Migraines are the most common kind of recurrent, severe headache attacks that last from several hours to a few days.


One or two days before a migraine, you might notice subtle changes that warn of an upcoming migraine, including:

  • Constipation
  • Mood changes, from depression to euphoria
  • Food cravings
  • Neck stiffness
  • Increased thirst and urination
  • Frequent yawning


For some people, aura might occur before or during migraines. Auras are reversible symptoms of the nervous system. They’re usually visual but can also include other disturbances. Each symptom usually begins gradually, builds up over several minutes and lasts for 20 to 60 minutes.

Examples of migraine aura include:

  • Visual phenomena, such as seeing various shapes, bright spots or flashes of light
  • Vision loss
  • Pins and needles sensations in an arm or leg
  • Weakness or numbness in the face or one side of the body
  • Difficulty speaking
  • Hearing noises or music
  • Uncontrollable jerking or other movements


A migraine usually lasts from four to 72 hours if untreated. How often migraines occur varies from person to person. Migraines might occur rarely or strike several times a month.

During a migraine, you might have:

  • Pain usually on one side of your head, but often on both sides
  • Pain that throbs or pulses
  • Sensitivity to light, sound, and sometimes smell and touch
  • Nausea and vomiting


After a migraine attack, you might feel drained, confused and washed out for up to a day. Some people report feeling elated. Sudden head movement might bring on the pain again briefly.


  • Migraine treatment is aimed at stopping symptoms and preventing future attacks.Many medications have been designed to treat migraines. Medications used to combat migraines fall into two broad categories:
    • Pain-relieving medications. Also known as an acute or abortive treatment, these types of drugs are taken during migraine attacks and are designed to stop symptoms.
    • Preventive medications. These types of drugs are taken regularly, often daily, to reduce the severity or frequency of migraines.

    Your treatment choices depend on the frequency and severity of your headaches, whether you have nausea and vomiting with your headaches, how disabling your headaches are, and other medical conditions you have.

    Over-the-counter medications such as ASA (e.g., Aspirin®), acetaminophen (e.g., Tylenol®), and ibuprofen (e.g., Advil® or Motrin®) can be effective, particularly for mild or moderate migraines.

    There are many prescription medications that can be effective for treating migraines, including triptans (such as sumatriptan, e.g., Imitrex®).

    f you have nausea or vomiting with your migraine attacks, there are options such as triptan wafers, nasal sprays, or injections that may be best.

    Medications containing codeine or another opioid may be necessary at times but are best avoided.

    More is NOT necessarily better. Using migraine medications such as acetaminophen or NSAIDs 15 or more days a month, or a triptan or medication containing codeine or another opioid 10 or more days a month may cause a headache type called ‘medication-overuse headache’.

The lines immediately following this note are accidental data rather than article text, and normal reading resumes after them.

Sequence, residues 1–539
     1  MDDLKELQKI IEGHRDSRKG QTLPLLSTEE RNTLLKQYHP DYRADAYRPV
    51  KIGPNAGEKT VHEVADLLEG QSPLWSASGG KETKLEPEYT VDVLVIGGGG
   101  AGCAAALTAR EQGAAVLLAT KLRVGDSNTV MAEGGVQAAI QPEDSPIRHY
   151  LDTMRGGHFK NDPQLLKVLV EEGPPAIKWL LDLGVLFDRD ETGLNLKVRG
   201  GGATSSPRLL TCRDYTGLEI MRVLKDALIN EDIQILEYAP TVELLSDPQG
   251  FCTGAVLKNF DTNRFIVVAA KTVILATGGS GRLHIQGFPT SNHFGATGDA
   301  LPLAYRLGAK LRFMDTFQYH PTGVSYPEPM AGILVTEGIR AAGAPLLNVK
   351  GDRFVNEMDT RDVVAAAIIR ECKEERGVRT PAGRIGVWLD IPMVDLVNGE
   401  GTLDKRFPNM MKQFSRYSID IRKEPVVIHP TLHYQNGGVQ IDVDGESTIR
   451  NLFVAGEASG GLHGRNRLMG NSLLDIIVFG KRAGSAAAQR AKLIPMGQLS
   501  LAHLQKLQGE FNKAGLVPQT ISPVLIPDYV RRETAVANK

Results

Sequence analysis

BOTOX and CGRP Antibodies

CGRP (calcitonin gene-related peptide) is a small molecule that is naturally present in our brains and bodies. CGRP exerts its physiologic action when it binds to its specific receptor. One of the key actions of CGRP is the dilation of blood vessels; it also plays a role in pain transmission

There is strong scientific evidence supporting a role for CGRP in migraines. Intravenous CGRP can trigger migraines. During a migraine, blood levels of CGRP are increased. Blocking CGRP with a pill can stop a migraine attack

CGRP antibodies are designed to bind to CGRP or its receptor and stop CGRP’s function. Four CGRP MABs have been studied so far. They are called erenumab (Aimovig), galcanezumab, fremanezumab, and eptinezumab (sorry for the long names). The first 3 are injected under the skin (subcutaneous), and eptinezumab is administered as an IV infusion (it is not expected to come to Canada).

Multiple randomized studies have shown efficacy for the prevention of episodic and chronic migraine. But not all patients do respond to those treatments. Approximately 50% of patients trying CGRP MABs have a 50% or more response to them. About 25% of patients are «super responders» and improved by 75%.

One of the advantages of CGRP MABs is the low risk of side effects (good tolerability). Side effects are mostly linked to the pain at the injection site. This will be good news for people who have tried oral migraine preventives with common side effects like weight gain, somnolence or cognitive difficulties, which are not reported with CGRP MABs.

Botox for Chronic Migraines

Chronic Migraine headaches cause severe pain that can last for hours, or even days, and cause sensitivity to light and noise, nausea and vomiting, blurred vision and lightheadedness several days per month. They can interrupt your relationships and hobbies and cause you to miss work. There are many different treatment options, including medications and Botox injections,

Botox or onabotulinum toxin A, has been approved by the U.S. Food and Drug Administration as a treatment for chronic migraines. The treatment involves a series of several small injections targeting muscles in your face, head and neck once every three months. The amount injected, as well as injection locations, is adjusted based on your reported pain.